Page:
There was a time, however, back when the world’s great economic powerhouses, the United State and the United Kingdom, were still in their nascency, that the state was recognized for the active role it played in fostering industrial developed. From the 16th century to the late 18th century, for example, Great Britain was guided by a Mercantilist doctrine that embraced the importance of the state. It is noteworthy that it was during this period that many of the pre-requisites associated with the modern economy and growth of the industrial revolution were instituted; a modern unified state with the capacity to enforce the rule of law, a proto-modern financial system with the beginnings of a central bank, elaborate international trade links with periphery economies, intellectual societies that drove innovative ideas. Many of these conditions were put in place with strong support of the state, indeed they may not have been possible without it.
As the early 20th century economic historian Eli Heckscher discusses in the fifth section of his classic consideration of mercantilism, while the thinkers of the day believed in social causation, they also believed that the policy maker had the capacity to influence this, indeed ought to, so that the society’s true purpose could be realized. Indeed, in societies that lack universal and sound education systems, where only the tiny few are empowered with the capabilities and resources to engage in ambitious commercial endeavors, it is not unreasonable that the state temporarily lend a nursing hand in support of infant industries.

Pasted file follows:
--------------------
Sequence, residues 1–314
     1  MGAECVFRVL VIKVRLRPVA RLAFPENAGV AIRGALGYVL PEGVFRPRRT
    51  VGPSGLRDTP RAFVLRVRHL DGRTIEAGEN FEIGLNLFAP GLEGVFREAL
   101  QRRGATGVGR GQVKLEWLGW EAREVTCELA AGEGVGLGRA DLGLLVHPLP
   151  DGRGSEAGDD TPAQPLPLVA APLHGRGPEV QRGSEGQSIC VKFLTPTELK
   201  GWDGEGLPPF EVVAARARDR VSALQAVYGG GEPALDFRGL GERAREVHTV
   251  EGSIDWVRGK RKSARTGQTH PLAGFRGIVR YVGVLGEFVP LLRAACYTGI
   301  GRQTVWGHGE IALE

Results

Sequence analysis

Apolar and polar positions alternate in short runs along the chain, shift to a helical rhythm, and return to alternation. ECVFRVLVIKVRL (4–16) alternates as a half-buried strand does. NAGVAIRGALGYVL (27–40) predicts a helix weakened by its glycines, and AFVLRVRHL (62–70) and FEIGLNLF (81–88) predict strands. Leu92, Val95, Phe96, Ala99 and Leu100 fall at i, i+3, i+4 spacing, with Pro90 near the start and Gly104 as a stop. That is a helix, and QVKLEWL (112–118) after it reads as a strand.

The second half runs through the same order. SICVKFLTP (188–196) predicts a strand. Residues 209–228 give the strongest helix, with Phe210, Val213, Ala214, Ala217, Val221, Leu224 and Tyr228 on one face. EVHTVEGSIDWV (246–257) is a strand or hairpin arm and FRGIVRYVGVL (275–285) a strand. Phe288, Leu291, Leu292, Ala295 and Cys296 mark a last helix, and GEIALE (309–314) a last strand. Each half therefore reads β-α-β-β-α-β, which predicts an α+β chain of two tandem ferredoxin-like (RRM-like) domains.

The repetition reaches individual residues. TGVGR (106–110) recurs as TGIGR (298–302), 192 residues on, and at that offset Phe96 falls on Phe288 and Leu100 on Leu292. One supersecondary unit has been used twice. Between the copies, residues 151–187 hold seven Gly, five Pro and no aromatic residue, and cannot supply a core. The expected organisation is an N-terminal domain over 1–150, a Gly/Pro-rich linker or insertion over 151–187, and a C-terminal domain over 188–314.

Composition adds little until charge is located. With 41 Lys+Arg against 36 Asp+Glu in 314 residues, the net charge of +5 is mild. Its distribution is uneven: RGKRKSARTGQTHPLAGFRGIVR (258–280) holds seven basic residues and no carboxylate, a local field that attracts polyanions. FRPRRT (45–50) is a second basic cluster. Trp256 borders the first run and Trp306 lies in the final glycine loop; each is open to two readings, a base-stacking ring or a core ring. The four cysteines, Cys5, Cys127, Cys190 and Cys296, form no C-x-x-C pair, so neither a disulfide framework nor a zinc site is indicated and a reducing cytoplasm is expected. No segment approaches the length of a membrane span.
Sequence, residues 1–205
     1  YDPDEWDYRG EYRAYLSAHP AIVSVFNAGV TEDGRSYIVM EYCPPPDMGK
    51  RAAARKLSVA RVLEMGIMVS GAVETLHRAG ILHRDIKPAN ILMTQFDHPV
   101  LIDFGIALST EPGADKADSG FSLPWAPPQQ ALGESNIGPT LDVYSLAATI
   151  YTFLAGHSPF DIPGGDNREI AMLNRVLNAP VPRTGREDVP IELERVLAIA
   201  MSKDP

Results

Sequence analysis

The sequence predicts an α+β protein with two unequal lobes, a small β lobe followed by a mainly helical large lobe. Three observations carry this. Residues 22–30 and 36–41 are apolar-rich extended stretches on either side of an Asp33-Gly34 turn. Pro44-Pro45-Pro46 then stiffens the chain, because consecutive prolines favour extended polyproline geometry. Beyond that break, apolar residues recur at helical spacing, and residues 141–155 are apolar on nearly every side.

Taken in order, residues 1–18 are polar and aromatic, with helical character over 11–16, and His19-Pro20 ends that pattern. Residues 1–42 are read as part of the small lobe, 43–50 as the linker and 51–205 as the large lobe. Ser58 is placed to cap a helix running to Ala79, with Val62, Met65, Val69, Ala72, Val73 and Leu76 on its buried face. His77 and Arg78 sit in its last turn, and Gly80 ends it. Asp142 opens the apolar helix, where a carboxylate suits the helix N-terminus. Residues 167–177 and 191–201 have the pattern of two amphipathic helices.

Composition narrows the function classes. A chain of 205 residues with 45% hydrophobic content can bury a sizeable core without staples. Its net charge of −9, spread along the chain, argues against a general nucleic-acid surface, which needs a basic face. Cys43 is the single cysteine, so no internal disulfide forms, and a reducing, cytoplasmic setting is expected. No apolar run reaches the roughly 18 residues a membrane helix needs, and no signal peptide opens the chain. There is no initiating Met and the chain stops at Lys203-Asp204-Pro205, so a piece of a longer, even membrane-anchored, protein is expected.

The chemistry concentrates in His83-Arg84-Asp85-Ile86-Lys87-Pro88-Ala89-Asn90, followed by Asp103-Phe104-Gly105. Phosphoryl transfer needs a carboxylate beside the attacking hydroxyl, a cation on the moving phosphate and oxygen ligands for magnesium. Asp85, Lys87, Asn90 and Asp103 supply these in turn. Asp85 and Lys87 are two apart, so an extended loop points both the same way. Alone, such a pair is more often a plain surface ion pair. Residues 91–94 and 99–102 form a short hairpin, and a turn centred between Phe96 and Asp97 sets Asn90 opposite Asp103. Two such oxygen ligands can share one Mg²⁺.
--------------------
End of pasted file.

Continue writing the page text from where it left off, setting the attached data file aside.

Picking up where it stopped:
Interestingly, 19th century United States, whose ideological environment, as Tocqueville famously observed, had a distinctly particularistic civic republican character (similar to the political tradition of 17th century Britain), is also likely to have benefited from state policies that would be frowned upon by economists today. Joshua Rosenbloom of Kansas University, for example, makes the intriguing case that ‘the protection provided by the Embargo Act of 1807 and the War of 1812 led to the initial expansion of textile manufacturing in the United States,’ a development that was ‘an important component of the broader process of American industrialization.’ Indeed, looking at today’s rising power, even the most casual spectator at China will notice the important role that the state has played in driving its economic growth.